Sunday, 2 October 2005

In-tubed in London

Once again, I was back in London. Travelling up and down the city in the tube. Saw an ad sticking on the tube wall about "Paternity testing", advising women that if they had any concerns about the paternity of their child, DNA testing is now possible to identify the father. For a company to put an ad of this kind and to invest money on it, it means that there is indeed a market for it and sufficient number of women (and men) are interested in finding out if the child is indeed of that particular man. Seems like a commentary on these times!

I can bet, that such an Ad would never be accepted in India. Anyone stupid enough to put such an ad in a public place, is likely to be prosecuted for corrupting the impressionable public, if not already lynched by angry mobs. In India, we don't have adultery, do we? Or worse, women having multiple partners. It is against our culture!

***
In London, they have this nice initiative of putting up poems in the tube. Read a lovely poem by Chamon Hardi there.

I can hear them talking, my children.
Fluent English and broken Kurdish.

And whenever I disagree with them
they will comfort each other by saying
Don't worry about mum, she's kurdish

Will I be the foreigner in my own home.
***
In the tube, I saw a man, white and very English, wearing a jacket with a lotus designed on it's pocket, underneath it was written PUNJAB. On both the sleeves of the jacket, there were stripes of the Indian flag. Probably he did not know what the colours of those stripes meant? Indian made jackets are nicer and cheaper. Boys in Punjab, stop asking friends to bring you the jacket from UK, get it from Ludhiana!

***
In Europe, only in London, you can get away by carrying an Indian take-away dinner. It's smell is so strong. Yet, no one looks at you in London. The curry restaurents are so common and so full. Found a new Sagar with only vegetarian food including nice dosas on King's street. Yet even this was full - I had to wait to get a table.

Here in Italy, neighbours complain about the strong smells coming from Asian kitchens. May be they need to eat more curries and get used to them!

***

I was pushing my camera in through the railing around Buckingham palace to click the picture of the royal guards, when I saw this policeman point at me. Perhaps, he thought that my camera was a gun? Then he walked towards me. I was so tempted to put away my camera and walk away but I forced myself to stand there and continue clicking. He came closer in front of me, bent down and picked a green-coloured paper wrapped around the bottom of the railing, went back to the guard and smilingly put it in his pocket. The guard did not move. Perhaps, it was a message from guard's girl-friend and the policeman was only playing cupid!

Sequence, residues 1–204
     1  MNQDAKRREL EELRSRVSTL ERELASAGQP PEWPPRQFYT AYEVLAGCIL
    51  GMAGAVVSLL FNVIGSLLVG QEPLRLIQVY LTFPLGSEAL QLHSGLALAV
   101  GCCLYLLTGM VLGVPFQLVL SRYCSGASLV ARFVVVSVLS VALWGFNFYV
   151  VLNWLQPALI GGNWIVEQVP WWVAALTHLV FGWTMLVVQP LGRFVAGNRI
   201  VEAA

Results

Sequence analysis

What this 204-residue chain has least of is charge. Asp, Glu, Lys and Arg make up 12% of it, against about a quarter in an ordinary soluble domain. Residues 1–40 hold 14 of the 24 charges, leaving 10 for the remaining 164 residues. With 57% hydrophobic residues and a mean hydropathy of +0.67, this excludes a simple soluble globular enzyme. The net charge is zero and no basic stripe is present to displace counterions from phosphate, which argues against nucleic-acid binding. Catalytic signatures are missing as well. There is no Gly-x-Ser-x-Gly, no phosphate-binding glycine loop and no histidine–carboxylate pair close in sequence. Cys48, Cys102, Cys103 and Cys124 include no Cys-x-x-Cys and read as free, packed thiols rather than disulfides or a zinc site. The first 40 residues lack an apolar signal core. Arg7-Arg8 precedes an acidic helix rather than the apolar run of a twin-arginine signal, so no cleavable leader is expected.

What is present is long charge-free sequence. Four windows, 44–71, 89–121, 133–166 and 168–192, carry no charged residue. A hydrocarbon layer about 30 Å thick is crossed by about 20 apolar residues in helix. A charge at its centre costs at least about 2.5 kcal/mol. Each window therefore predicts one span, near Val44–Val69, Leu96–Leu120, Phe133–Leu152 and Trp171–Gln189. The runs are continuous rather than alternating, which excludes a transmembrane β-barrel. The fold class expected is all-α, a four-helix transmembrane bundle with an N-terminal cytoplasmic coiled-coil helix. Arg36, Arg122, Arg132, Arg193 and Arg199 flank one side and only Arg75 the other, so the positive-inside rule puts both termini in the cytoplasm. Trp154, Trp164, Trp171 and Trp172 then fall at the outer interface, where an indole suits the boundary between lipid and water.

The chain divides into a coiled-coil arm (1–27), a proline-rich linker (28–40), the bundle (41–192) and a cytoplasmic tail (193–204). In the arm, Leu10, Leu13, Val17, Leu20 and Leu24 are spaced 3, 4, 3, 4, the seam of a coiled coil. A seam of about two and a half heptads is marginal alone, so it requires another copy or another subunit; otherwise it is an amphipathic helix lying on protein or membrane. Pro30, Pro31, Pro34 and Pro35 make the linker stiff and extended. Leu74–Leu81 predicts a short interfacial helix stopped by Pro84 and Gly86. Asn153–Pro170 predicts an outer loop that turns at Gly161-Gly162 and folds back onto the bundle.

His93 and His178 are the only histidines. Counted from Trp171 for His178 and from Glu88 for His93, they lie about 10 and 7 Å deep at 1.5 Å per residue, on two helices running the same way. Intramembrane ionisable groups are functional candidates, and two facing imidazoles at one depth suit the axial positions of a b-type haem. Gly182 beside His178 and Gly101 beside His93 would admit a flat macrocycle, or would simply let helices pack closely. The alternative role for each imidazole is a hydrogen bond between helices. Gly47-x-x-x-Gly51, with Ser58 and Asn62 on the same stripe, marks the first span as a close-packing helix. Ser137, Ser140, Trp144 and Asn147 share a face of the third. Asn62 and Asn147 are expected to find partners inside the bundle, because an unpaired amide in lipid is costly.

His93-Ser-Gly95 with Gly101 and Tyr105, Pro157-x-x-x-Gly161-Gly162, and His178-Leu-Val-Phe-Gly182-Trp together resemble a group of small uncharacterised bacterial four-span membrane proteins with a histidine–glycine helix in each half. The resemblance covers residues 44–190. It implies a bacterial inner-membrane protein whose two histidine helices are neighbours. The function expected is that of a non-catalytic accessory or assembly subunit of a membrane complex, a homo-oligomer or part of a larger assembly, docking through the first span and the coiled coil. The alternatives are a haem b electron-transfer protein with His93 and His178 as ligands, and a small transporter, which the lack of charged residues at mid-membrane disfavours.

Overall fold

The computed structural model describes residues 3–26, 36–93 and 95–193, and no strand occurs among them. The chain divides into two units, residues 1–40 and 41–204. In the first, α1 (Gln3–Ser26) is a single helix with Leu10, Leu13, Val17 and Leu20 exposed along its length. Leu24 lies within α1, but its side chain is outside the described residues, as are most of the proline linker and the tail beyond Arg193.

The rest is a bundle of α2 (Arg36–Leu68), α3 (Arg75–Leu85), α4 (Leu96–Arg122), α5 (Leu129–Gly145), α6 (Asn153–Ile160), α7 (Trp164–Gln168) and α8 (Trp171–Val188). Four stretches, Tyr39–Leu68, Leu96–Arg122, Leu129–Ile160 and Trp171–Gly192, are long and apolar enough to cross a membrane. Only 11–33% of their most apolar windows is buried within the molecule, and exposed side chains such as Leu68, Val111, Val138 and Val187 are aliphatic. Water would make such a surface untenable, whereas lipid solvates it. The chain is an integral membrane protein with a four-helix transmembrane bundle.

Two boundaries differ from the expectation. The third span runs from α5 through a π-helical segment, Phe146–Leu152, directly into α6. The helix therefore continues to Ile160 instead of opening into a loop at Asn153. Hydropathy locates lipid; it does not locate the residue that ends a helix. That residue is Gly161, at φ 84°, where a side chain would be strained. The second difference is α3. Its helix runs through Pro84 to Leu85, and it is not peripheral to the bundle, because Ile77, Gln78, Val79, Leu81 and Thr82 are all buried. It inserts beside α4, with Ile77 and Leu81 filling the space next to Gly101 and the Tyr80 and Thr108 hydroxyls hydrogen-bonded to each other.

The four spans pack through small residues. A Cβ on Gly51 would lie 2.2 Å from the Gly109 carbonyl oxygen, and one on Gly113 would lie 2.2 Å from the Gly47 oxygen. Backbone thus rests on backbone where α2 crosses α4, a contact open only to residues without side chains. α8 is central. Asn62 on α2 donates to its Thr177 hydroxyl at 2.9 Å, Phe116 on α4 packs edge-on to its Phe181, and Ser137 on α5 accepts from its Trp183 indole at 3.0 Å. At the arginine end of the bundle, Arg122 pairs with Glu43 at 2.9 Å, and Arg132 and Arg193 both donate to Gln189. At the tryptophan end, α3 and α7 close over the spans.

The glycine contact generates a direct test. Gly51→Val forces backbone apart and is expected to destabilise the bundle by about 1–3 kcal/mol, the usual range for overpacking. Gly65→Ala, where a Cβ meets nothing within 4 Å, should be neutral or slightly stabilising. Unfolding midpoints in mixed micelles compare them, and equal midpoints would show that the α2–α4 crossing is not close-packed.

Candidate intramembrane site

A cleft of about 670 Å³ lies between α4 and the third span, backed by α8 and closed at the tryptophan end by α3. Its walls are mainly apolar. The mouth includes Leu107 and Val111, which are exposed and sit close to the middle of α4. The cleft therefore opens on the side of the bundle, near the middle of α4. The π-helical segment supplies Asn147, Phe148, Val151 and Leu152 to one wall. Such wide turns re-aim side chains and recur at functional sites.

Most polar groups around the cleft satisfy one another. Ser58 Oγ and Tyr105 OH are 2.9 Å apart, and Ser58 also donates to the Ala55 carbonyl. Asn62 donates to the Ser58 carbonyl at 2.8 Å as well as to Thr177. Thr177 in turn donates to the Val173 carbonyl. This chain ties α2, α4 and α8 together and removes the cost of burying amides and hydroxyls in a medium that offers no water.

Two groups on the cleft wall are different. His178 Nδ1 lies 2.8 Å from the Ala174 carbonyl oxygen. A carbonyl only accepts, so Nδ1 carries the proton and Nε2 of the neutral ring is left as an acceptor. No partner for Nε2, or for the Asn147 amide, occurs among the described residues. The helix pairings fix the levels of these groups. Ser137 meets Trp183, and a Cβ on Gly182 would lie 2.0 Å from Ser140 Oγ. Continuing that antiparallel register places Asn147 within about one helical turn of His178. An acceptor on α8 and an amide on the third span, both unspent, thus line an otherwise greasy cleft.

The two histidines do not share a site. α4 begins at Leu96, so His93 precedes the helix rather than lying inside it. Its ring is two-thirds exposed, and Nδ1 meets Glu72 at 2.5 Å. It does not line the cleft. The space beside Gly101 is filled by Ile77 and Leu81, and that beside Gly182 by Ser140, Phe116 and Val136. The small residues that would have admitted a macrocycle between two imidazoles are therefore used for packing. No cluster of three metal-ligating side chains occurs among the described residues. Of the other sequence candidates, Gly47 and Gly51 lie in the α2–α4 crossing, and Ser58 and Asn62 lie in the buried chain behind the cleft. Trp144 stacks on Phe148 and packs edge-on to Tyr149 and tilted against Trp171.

Around Buckingham Palace, London UK - images by Sunil Deepak, 2005

Around Buckingham Palace, London UK - images by Sunil Deepak, 2005

Around Buckingham Palace, London UK - images by Sunil Deepak, 2005

Around Buckingham Palace, London UK - images by Sunil Deepak, 2005

Around Buckingham Palace, London UK - images by Sunil Deepak, 2005

Around Buckingham Palace, London UK - images by Sunil Deepak, 2005

Around Buckingham Palace, London UK - images by Sunil Deepak, 2005

Around Buckingham Palace, London UK - images by Sunil Deepak, 2005

Around Buckingham Palace, London UK - images by Sunil Deepak, 2005
***

1 comment:

  1. "On both the sleeves of the jacket, there were stripes of the Indian flag."

    In India it would have been construed as the desecration of the flag - in this country (UK) anything goes :)

    ReplyDelete

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